Description from Goodreads:
Catalia “Cat” Fisa is a powerful clairvoyant known as the Kingmaker. This smart-mouthed soothsayer has no interest in her powers and would much rather fly under the radar, far from the clutches of her homicidal mother. But when an ambitious warlord captures her, she may not have a choice…
Griffin is intent on bringing peace to his newly conquered realm in the magic-deprived south. When he discovers Cat is the Kingmaker, he abducts her. But Cat will do everything in her power to avoid her dangerous destiny and battle her captor at every turn. Although up for the battle, Griffin would prefer for Cat to help his people willingly, and he’s ready to do whatever it takes to coax her…even if that means falling in love with her.
Oh man, I have SUCH disappointment about this book. Authors, could you explain to me why you would set up a whole world around a female character, give her god-like powers, training, skill and intelligence, then infantilize her and allow her to be overpowered by a man for an ENTIRE book? Why? WHY?!
Cat seemed to have boundless powers that develop as needed—very deus ex machina of the moment sort of thing. She defeated dragons, killed thirty soldiers with a single breath, had prophetic dreams, was a soothsayer, was protected by gods (plural). Yet, in the face of one man she’s helpless. What’s more, she’s also presented as unreasonable and needlessly angry that he kidnapped her. Literally, she asked why he expected her to accept him and her situation and he said, “I expected you to be reasonable” and she internally agreed. Excuse me? He abducted her, unknowingly exposed her, threatened her friends and adoptive family. I’m pretty sure surliness and trying to escape IS the reasonable response. And she is kidnapped in the very beginning, so she’s basically a helpless captive for the whole book.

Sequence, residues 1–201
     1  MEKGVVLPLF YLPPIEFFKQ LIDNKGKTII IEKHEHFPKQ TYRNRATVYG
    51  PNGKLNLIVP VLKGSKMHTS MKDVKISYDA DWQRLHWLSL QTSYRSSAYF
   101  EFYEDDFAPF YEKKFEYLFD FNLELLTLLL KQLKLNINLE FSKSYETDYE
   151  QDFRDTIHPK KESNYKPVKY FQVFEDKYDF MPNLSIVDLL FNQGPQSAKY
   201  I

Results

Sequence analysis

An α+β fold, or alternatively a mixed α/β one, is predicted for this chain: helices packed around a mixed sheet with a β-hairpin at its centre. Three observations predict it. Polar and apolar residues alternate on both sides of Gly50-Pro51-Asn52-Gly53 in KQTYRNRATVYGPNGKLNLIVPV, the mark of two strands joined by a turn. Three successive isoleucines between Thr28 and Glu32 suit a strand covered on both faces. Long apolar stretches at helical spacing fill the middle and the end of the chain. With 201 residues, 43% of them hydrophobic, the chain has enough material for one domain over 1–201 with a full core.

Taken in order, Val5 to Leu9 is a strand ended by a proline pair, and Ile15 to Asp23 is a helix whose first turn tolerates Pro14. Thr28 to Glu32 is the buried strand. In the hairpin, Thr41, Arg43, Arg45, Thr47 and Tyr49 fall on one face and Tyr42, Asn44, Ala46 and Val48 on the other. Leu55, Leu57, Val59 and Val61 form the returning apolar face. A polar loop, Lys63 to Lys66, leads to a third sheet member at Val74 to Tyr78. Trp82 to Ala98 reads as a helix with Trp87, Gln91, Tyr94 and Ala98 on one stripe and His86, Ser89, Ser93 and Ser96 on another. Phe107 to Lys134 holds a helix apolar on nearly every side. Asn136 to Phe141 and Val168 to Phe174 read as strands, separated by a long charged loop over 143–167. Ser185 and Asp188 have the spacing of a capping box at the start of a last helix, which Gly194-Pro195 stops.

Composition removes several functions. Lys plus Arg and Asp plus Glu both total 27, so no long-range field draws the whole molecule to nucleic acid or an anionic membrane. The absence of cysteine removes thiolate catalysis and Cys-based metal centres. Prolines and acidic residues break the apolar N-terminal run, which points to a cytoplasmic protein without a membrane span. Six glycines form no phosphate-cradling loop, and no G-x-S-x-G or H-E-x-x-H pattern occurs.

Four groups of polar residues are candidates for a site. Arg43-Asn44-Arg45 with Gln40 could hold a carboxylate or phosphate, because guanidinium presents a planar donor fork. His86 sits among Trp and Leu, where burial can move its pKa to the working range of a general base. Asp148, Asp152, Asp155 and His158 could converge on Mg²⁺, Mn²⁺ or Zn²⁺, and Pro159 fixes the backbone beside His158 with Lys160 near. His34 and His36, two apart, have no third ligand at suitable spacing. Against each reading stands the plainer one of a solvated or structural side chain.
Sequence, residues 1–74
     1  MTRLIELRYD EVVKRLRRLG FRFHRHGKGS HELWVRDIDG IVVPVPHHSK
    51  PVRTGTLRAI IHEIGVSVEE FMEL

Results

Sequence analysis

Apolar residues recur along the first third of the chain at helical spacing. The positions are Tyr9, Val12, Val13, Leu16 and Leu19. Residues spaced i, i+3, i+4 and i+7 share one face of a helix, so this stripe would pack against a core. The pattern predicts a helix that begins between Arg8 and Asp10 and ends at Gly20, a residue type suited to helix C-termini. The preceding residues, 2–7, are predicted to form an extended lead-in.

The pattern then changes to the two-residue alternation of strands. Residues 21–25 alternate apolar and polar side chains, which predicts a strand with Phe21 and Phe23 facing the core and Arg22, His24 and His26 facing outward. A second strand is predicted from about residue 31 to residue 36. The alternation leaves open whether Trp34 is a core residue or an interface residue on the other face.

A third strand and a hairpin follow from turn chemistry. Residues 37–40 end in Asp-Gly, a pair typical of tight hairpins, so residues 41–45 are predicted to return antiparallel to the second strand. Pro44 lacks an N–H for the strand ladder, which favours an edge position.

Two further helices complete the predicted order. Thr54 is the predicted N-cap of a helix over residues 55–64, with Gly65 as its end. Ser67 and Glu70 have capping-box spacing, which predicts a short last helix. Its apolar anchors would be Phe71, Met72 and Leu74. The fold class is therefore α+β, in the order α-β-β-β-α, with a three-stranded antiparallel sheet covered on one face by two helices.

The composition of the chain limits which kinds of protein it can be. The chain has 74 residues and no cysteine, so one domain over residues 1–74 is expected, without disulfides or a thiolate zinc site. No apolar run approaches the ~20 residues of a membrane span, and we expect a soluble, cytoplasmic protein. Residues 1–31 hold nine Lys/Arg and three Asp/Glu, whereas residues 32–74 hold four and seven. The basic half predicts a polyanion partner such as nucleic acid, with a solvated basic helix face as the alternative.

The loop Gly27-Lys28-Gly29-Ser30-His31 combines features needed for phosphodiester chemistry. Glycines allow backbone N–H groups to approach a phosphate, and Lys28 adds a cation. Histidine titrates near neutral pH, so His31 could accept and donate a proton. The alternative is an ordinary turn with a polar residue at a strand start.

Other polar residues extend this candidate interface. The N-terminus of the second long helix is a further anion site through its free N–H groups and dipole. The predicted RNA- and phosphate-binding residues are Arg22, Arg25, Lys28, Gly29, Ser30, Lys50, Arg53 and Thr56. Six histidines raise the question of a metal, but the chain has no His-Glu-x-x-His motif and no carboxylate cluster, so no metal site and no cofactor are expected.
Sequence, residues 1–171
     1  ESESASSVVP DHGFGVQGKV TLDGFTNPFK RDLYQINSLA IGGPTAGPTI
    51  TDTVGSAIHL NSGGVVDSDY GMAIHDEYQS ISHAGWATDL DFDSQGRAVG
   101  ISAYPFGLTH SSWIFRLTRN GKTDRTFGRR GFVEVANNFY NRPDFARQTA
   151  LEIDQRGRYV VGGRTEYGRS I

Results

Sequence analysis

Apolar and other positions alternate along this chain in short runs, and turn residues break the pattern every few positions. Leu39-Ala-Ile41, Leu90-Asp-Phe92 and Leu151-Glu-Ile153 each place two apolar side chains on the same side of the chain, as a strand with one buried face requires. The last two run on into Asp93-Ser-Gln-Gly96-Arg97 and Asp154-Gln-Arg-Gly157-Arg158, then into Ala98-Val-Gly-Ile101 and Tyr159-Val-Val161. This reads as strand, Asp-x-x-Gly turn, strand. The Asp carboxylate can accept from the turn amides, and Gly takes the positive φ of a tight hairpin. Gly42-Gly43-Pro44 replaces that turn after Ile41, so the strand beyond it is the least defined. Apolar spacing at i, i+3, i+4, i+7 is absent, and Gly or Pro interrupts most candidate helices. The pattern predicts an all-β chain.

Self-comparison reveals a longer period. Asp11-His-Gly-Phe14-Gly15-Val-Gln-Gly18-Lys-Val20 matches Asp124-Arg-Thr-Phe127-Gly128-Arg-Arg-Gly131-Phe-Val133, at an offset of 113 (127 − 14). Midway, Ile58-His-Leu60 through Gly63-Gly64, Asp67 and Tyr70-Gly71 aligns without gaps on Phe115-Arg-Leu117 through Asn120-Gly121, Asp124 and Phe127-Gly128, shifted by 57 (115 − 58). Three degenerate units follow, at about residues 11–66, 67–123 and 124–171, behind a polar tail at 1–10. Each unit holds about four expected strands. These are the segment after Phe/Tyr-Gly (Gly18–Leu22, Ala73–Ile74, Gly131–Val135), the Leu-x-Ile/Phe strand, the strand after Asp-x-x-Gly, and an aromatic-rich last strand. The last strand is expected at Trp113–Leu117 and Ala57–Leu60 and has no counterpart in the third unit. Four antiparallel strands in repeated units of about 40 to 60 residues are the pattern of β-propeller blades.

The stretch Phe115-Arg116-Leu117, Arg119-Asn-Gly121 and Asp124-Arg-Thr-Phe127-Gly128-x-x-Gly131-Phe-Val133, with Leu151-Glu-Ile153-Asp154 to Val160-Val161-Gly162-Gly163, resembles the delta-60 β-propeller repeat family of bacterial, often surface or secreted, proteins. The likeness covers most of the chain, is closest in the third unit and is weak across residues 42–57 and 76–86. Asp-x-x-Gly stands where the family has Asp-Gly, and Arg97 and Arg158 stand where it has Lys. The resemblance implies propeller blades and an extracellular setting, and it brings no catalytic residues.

So, I’m angry that the supposedly strong female was basically, ‘strong, but not as strong as the men’ but I died a little with each cliché that was thrown in. The scene where she got accidentally high as a result of her own actions and lets all her guards down, acting inviting and sexy, but being “happy like a child” and needing protection. The one where the scorned woman went homicidal. The one where ‘her body betrayed her’ by being attracted to the man who kidnapped her. The ones where she had to be a virgin because good heroines never have sex with anyone but their hero. My god, this book was practically a cobbled together series of romantic fantasy clichés. It was also repetitive as hell.
The writing, it was fine and I appreciated that when Cat’s curvy body was compared to her thin counterpart she was the one found most appealing, on more than one occasion. Those who don’t mind seeing their women dominated by their romantic lead will probably enjoy it. I personally want to burn the darned thing, but instead I’ll put it in my Little Free Library and hopefully someone in the neighborhood will enjoy it more than me.